• We value approachable and maintainable code more than minimal code.
  • If we must choose between documentation and optimization, we choose documentation.
  • Our success is measured in the bazaar, not in the cathedral.

Safety Over Formalism

Real harm is more important than theoretical harm.

We strive to take advantage of every tool that protects users. We aim to minimize the probability and impact of security issues. Our security practices are informed by formal analysis, but not centered on it.

  • We value the real-world safety of users and funds more than crypto-economic models.
  • If we must choose between smart contract security and a new whitepaper, we choose smart contract security.
  • Our success is measured in mainnet attacks, not arXiv attacks.

Applying our Worldview

These core tenets help us make day-to-day decisions as we build Nomad. They’re guideposts that help us confidently navigate difficult terrain. Even before we wrote them down, they informed the core design of the system. It’s easy to see their impact on the system design today:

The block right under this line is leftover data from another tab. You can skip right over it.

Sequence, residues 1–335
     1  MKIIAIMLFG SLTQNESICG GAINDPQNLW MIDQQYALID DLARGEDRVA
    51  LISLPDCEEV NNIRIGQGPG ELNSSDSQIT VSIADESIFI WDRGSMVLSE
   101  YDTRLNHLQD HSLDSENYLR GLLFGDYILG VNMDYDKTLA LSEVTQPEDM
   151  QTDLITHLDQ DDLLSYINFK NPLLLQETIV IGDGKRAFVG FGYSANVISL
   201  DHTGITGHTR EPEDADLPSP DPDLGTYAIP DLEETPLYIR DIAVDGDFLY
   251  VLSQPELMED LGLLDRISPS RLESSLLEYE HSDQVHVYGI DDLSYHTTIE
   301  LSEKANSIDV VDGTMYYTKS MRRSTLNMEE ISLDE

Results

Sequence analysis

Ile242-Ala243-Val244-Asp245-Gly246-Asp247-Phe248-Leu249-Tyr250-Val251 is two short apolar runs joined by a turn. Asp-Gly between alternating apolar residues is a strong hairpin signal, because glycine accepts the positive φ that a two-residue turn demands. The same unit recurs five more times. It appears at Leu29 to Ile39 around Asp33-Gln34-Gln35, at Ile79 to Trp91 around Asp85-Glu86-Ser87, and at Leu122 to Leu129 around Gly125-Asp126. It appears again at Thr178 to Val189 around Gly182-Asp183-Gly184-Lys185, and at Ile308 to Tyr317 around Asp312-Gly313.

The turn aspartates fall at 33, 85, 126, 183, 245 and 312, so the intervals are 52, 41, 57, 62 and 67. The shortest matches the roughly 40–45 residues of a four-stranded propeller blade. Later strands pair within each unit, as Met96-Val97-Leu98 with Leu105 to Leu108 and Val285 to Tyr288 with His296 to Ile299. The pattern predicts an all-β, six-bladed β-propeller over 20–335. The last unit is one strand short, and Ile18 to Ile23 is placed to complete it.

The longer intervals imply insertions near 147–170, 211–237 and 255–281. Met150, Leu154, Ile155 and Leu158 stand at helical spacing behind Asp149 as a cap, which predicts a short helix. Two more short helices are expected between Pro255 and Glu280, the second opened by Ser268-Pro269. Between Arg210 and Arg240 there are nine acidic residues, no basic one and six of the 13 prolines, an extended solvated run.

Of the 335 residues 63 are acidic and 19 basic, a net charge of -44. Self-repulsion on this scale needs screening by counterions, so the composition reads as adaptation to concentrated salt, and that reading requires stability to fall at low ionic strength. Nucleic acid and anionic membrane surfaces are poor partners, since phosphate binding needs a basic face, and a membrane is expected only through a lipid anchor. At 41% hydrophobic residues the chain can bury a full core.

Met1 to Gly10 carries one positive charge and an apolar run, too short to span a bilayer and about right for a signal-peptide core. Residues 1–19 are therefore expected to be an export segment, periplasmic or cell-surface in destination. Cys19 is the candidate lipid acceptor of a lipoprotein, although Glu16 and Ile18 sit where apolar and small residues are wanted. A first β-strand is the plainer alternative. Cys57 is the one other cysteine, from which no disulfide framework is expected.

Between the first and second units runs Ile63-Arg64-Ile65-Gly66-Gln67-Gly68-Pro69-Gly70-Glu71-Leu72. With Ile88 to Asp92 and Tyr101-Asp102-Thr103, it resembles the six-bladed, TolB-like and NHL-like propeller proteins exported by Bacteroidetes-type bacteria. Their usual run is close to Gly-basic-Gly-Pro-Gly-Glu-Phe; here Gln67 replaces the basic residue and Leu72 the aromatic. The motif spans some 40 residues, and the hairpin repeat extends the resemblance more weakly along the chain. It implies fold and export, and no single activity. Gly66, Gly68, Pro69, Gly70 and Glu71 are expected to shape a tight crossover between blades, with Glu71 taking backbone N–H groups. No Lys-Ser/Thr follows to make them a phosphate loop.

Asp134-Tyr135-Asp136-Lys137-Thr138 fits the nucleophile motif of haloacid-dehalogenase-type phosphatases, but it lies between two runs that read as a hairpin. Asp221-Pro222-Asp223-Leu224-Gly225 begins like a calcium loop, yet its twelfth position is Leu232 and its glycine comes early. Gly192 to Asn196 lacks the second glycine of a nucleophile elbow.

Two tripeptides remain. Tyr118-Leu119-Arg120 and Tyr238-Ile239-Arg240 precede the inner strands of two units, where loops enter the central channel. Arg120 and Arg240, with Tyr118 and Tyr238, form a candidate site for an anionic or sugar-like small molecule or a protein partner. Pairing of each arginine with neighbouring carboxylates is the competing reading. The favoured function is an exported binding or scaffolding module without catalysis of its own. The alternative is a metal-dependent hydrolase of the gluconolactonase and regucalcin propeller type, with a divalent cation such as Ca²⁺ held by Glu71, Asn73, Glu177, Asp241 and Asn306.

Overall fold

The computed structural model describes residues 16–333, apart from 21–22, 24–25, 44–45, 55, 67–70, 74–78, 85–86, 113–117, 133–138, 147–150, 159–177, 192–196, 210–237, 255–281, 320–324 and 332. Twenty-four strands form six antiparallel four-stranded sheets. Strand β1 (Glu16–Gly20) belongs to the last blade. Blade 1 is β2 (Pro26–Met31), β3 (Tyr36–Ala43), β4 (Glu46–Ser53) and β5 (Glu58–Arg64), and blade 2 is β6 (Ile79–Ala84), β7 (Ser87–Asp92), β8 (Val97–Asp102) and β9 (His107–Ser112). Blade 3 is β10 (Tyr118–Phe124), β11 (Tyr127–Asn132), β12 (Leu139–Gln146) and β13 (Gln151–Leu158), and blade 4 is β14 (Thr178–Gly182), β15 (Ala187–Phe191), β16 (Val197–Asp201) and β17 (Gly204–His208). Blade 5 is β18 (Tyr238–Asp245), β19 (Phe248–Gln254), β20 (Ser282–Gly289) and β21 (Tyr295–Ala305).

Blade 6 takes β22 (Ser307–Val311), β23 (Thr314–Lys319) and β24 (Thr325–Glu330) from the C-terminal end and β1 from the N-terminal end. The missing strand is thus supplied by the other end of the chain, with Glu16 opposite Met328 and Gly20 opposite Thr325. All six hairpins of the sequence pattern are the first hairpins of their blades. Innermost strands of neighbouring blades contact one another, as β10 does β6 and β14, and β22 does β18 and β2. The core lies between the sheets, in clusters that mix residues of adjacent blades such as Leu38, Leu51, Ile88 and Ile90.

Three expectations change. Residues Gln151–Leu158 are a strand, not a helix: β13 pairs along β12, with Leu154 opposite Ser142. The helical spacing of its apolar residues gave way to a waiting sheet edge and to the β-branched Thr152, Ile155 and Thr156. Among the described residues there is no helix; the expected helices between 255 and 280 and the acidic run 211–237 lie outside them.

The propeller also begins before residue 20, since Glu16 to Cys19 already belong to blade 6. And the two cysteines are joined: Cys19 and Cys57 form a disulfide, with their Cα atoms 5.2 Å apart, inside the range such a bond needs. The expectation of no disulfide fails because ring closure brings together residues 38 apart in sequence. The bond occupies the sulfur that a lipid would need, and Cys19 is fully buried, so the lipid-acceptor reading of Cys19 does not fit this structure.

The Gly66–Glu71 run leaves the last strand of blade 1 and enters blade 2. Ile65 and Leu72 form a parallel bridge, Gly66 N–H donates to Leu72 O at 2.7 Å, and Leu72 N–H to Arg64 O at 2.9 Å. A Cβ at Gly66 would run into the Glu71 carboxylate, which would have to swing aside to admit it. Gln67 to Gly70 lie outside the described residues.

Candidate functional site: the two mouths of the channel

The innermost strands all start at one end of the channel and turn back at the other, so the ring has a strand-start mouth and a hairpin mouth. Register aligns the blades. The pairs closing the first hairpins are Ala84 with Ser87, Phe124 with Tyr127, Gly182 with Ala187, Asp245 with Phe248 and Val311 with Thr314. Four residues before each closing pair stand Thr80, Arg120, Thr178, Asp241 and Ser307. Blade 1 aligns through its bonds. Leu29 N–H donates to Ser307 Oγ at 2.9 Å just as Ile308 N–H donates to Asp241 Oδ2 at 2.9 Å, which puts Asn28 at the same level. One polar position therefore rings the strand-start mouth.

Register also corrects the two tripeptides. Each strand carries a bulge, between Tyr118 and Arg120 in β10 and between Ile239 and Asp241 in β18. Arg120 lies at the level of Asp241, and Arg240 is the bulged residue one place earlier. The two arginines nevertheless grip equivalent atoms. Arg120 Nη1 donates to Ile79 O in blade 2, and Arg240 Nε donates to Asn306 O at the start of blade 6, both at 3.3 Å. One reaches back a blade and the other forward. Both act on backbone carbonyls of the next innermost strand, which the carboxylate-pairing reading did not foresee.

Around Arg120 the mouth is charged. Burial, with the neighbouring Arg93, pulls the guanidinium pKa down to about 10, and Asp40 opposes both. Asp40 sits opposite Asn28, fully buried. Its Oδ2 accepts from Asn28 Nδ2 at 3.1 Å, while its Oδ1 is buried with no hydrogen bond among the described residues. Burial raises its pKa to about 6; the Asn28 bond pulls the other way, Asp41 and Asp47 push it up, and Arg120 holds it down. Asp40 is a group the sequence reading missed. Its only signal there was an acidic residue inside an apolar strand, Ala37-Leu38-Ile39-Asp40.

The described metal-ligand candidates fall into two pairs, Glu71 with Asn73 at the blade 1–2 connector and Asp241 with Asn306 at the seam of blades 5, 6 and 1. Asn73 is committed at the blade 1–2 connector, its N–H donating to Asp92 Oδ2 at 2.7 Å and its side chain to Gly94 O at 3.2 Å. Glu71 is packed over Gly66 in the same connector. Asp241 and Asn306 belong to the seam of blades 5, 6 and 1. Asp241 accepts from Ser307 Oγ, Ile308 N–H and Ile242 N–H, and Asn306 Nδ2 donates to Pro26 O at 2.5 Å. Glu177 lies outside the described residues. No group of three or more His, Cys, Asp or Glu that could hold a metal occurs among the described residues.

Users Over Systems

Nomad is underpinned by a generalized cross-chain messaging protocol. However, the heart of our tech stack isn’t the networking layer, it’s the applications that Nomad channels enable.

In order to build applications, we designed the Router pattern. Routers enable quick, secure development of xApps that can use any cross-chain channel, allowing us to rapidly iterate on the Nomad Bridge and our cross-chain Governance xApp. These applications matter more than the underlying channels.

Simple Over Complex

Cross-chain messaging is an enormous problem space. There is no perfect, generalizable solution. For years, light clients have been the apex of cross-chain tech. These underpin IBC, the Near Rainbow Bridge, and tBTC. Light clients require deep expertise of proof of work and proof of stake implementations, and are not approachable to new devs.